Next week, PandoMonthly returns to New York for a candid conversation with a guy unafraid of kicking media conventional wisdom in the nuts: Forbes grand poobah Lewis DVorkin. Even his official title, “Chief Product Officer, Forbes Media,” tells you he’s a man who views the role of journalists differently than most. It promises to be a memorable evening, and that’s saying something, since PandoDaily has already brought you interviews with Elon Musk, Peter Thiel, Mark Pincus, Spotify’s Daniel Ek, reclusive billion dollar fund manager Chris Sacca and many other movers and shakers.
You can buy tickets for the April 18 PandoMonthly NY with Lewis DVorkin right now.
Sarah is on maternity leave (it’s a girl!) so I’ll be doing the honors. I think I’m a good choice because I’m a former Forbesian who knows where the bodies are buried. When I worked there Forbes was a place that took all the fun out of dysfunction. Editors at the top of the masthead ruled by fear and, at times, engaged in shockingly bad behavior. That’s not why I quit, though. I ended up leaving after government prosecutors threatened me with a subpoena to reveal anonymous sources I used in a story on the 1998 hack of The New York Times. Forbes lawyers wanted to cooperate. It got ugly.
But that was oh so last century and several changes in leadership ago, and today Forbes is a far kinder and gentler place. I visited recently and was pleased that a security guard wasn’t ordered to escort me off the premises. You see? If there can be peace in Northern Ireland anything is possible.
I don’t think it’s a stretch to say that Lewis DVorkin, who once worked at Forbes as executive editor, was brought back to save it. He founded True/Slant, an “expert blogger platform” that Forbes, which was struggling mightily, bought in 2010 then put Dvorkin in charge. His mission revolves around what he calls “entrepreneurial journalism.” His definition involves reporters and editors becoming “content creators,” as well as “producers, programmers, marketers and promoters.” Forbes isn’t just a magazine and website anymore. It’s a platform that provides writers the tools they need to publish. If you measure success by sheer traffic, then he has, thus far, done very well. The Guardian reports that the number of unique visitors has risen from 13 to 45 million a month since the start of 2010.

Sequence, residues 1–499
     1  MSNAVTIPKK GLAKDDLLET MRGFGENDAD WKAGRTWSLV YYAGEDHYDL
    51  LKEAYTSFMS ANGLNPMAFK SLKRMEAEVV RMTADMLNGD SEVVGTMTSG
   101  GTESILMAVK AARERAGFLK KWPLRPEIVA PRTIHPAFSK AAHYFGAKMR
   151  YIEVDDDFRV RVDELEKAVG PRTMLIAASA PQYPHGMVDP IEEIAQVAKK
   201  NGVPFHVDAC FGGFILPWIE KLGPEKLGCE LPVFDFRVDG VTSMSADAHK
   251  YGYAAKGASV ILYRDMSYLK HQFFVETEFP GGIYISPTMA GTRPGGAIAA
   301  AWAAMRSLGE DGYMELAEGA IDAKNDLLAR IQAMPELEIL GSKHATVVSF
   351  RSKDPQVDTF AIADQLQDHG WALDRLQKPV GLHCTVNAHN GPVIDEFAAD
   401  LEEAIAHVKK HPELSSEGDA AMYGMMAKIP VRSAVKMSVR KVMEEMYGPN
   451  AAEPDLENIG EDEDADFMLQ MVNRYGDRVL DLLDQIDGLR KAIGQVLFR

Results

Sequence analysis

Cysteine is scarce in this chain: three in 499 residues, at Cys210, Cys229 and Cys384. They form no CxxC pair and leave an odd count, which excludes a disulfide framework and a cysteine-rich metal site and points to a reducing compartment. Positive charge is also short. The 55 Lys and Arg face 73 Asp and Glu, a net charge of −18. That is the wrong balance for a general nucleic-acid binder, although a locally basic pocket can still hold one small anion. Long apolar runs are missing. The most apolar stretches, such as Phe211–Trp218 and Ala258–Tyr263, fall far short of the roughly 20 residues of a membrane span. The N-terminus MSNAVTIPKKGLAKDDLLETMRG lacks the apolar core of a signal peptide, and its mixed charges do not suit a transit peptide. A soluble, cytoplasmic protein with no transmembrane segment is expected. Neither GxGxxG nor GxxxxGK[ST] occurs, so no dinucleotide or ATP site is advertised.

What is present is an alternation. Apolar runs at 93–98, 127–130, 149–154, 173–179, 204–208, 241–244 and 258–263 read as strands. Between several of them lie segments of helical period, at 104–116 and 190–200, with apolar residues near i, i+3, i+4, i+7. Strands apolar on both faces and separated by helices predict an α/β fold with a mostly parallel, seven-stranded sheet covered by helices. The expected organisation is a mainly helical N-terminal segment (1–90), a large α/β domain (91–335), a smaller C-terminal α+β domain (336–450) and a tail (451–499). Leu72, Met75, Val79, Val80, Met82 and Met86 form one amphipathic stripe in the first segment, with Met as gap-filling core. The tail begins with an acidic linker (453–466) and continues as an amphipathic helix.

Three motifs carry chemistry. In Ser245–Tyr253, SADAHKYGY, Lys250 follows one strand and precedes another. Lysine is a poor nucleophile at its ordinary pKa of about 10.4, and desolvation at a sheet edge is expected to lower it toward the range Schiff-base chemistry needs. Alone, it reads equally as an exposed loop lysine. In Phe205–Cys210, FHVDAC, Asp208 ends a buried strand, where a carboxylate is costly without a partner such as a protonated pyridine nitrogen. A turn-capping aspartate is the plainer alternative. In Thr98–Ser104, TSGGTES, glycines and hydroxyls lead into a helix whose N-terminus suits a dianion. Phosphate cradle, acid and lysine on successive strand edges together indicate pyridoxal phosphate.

But it’s also hard to separate the wheat from the chaff when top-notch reporters who write for the magazine – and Forbes has some very talented writers and editors – publish next to more than a thousand shlubs just happy for a megaphone and a means to promote themselves, their work, companies, and personal agendas. Reporters can’t be too excited about being judged not by the content and quality of their work but by how many eyeballs they attract. One in-house pastime, I hear, is constantly checking Chartbeat to find out how a post is doing click-wise compared to other contributors. Meanwhile, Forbes non-staff are compensated by the number of unique visitors they attract. Then there’s Forbes’ dependence on native advertising, which can make it difficult to discern a paid ad from a post.
None of this bothers DVorkin. “The new economics of journalism require quality, scale and efficiency,” he told the Guardian. Digital news economics are different from print, which is rife with inefficiencies, and he’s trying to make the transition to another news business paradigm. If he doesn’t succeed, though, Forbes may run out of options.
At any rate, you can be sure we’ll have a spirited discussion. Get your tickets now before they sell out. And visit our revamped events page to find out what else we have in store and/or to sign up for alerts.